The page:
In 1897 Karl Elsener created the Original Swiss Army knife in the small village of Ibach, Switzerland. Ever since then, two things have remained true of Swiss Army knives: they’re red and they contain multiple blades. The Pioneer is no exception to these rules, but it’s different than any other knife I’ve seen bearing the familiar silver cross — and it’s the only Swiss Army pattern I’ve ever carried daily.
Even so, I haven’t carried a Swiss Army knife since I was a Boy Scout. But this last week I was reunited with a childhood friend. Read on past the jump for the rest of the story.
Unlike most Swiss Army knives which cram an absurd number of blades between the handle and liners, the Pioneer sports only four blades. Some blades serve multiple purposes, which yields a total of 7 tools:
- a drop point large blade
- a reamer
- a can opener
- a small screwdriver
- a bottle opener
- a large screwdriver
- and a wire stripper
Thus it’s significantly thinner than most Swiss Army fare, disappearing in jeans pockets — instead of announcing “I’m happy to see you!” Its handle is made of studded (read: textured) metal, which gives it a solid, heavy feel. Steel liners and steel pins hold the knife together in a very attractive and ergonomic package.
I had one of these knives when I was a in Scouts and loved it. But being the kid I was, I managed to lose it somewhere between childhood and knife-collecting-adulthood. When I searched for one a few years ago, I was crestfallen to learn that Victorinox had stopped producing them. As a replacement, Victorinox slid its sister knife the “Soldier” into the gap.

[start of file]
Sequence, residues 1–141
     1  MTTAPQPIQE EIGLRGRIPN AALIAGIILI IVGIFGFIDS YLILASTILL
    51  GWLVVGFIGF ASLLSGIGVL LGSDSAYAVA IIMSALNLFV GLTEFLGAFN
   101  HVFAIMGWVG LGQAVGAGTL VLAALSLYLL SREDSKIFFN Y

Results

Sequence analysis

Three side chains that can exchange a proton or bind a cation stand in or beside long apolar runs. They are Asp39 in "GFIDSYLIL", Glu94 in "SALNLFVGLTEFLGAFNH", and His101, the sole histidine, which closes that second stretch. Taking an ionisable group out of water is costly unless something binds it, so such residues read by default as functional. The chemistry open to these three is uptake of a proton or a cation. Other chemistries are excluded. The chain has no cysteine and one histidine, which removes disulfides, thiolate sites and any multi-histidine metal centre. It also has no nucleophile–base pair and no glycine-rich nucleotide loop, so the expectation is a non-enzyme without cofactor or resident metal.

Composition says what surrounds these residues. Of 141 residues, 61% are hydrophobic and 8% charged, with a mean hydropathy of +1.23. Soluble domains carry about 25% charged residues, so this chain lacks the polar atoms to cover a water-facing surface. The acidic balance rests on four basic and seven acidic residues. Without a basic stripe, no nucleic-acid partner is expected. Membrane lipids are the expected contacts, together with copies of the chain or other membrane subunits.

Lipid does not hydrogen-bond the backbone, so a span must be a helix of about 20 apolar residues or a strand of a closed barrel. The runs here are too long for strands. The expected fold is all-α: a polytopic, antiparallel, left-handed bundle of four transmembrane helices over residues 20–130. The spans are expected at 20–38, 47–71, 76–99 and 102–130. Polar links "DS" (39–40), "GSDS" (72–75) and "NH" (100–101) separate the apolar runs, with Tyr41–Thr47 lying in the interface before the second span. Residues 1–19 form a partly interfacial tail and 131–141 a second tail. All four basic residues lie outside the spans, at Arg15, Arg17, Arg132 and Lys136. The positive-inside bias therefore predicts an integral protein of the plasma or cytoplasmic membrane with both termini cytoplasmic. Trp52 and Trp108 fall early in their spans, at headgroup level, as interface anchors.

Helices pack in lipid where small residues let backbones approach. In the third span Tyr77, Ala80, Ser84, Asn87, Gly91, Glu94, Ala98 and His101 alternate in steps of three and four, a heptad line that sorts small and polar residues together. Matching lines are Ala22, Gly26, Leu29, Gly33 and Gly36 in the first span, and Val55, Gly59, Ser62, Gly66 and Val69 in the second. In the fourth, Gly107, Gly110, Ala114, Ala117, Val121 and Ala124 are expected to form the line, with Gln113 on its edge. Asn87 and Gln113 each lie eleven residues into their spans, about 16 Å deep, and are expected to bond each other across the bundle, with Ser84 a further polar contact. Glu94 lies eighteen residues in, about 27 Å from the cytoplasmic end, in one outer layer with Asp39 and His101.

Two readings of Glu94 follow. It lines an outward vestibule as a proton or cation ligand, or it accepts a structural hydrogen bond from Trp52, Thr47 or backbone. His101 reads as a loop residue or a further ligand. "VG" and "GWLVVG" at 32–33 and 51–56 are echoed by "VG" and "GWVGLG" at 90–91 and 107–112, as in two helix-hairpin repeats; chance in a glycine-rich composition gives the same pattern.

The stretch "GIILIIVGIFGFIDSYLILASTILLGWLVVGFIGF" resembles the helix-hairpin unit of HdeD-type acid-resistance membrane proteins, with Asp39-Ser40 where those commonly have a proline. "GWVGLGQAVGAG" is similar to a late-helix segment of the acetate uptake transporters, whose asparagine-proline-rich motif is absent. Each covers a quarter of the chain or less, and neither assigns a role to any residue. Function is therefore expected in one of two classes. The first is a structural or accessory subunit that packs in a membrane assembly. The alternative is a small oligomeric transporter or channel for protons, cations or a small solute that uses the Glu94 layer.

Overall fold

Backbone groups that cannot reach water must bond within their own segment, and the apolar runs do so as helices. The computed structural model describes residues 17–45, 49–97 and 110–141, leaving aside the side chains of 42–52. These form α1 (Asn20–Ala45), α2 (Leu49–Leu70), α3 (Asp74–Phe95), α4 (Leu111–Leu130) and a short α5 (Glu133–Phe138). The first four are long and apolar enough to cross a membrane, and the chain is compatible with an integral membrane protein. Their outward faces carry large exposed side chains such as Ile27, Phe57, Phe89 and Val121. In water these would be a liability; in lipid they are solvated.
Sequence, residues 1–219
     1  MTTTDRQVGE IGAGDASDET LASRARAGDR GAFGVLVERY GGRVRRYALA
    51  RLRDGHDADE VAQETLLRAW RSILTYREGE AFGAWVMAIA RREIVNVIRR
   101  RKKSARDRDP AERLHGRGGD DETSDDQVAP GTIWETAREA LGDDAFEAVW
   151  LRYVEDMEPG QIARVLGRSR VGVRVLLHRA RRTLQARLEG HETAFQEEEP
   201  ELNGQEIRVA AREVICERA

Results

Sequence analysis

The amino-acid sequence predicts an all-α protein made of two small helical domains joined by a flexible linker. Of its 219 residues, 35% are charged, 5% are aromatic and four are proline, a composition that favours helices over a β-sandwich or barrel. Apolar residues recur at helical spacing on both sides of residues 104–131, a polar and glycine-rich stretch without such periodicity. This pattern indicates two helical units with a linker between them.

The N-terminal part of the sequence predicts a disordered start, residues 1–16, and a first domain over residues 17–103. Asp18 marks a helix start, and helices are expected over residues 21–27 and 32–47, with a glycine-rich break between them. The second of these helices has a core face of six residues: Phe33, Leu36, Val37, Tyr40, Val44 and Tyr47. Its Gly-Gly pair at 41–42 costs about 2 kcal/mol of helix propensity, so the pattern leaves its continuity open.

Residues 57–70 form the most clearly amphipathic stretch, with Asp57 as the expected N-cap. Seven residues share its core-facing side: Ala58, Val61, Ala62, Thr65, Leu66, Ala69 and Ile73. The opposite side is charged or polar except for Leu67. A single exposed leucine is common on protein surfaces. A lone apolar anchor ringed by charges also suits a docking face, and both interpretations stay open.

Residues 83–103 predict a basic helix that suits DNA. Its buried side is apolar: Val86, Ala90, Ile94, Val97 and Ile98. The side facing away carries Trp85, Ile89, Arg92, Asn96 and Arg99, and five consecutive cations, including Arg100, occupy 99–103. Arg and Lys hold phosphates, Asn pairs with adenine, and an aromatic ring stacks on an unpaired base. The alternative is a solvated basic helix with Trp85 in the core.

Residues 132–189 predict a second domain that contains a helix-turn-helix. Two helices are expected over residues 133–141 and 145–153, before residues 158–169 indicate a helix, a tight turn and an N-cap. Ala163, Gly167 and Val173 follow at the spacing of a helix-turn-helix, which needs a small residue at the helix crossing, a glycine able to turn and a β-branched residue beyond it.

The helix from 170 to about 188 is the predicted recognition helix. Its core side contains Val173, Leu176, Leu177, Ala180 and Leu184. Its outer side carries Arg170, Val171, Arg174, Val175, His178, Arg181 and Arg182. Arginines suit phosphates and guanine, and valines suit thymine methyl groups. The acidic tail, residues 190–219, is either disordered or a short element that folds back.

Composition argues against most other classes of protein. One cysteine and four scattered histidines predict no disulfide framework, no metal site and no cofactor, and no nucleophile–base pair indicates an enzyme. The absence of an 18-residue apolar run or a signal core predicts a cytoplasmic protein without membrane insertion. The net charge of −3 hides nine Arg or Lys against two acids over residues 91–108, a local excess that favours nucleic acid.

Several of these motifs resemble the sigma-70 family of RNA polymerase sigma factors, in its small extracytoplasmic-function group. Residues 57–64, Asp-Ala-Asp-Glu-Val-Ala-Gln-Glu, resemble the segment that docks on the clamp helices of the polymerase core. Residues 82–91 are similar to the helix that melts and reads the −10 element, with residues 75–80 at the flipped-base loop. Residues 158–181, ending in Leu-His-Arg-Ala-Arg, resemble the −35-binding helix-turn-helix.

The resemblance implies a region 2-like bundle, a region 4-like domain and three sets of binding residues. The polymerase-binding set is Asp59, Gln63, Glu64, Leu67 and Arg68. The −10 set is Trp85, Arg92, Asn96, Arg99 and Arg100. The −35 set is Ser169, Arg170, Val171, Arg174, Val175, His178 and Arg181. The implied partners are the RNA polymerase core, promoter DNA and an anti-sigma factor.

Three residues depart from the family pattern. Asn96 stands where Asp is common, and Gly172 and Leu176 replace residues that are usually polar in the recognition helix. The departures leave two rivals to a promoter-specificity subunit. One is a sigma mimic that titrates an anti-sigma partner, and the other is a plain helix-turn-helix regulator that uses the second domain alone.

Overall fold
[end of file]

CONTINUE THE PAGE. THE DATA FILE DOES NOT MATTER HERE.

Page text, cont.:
While the Soldier (pictured) is made of exactly the same material and follows the same blade pattern, the Soldier is missing one key feature in the eyes of a traditionalist like me: it’s not red. It’s silver. Laugh if you want, but in my mind, Swiss Army knives are red and that’s just how the world works. So my choices were limited to either finding one of the older red ones or sucking it up and buying a Soldier.
I did neither, of course.
But when I heard that Victorinox had brought the red Pioneer back, I had to have one.
As you can see in the picture of my new Pioneer above, it’s the appropriate shade of Swiss rouge. You can visually separate the new-release model from older ones; the new ones feature an engraving plate on the back of the knife, and they include the late-model shield/ cross logo on the front handle instead of the old-school plain cross.
I’ve been carying it for a few days now, and it’s just as useful and practical as I remembered. The blades are sized for common use, and it’s just heavy enough that you can feel it in your pocket without a bulge. When I get a chance I’m going to attach a short lanyard to it, which makes it easier to grab from a pocket with gloved hands. In short: I love it.
The red Pioneer is a bit hard to find, but if you persevere you can have it instead of the silver substitute. Of course, if color isn’t important, you can pick up a soldier version at almost any knife shop for around $25. But red or silver, the model 53960 is a solid knife well worth carrying.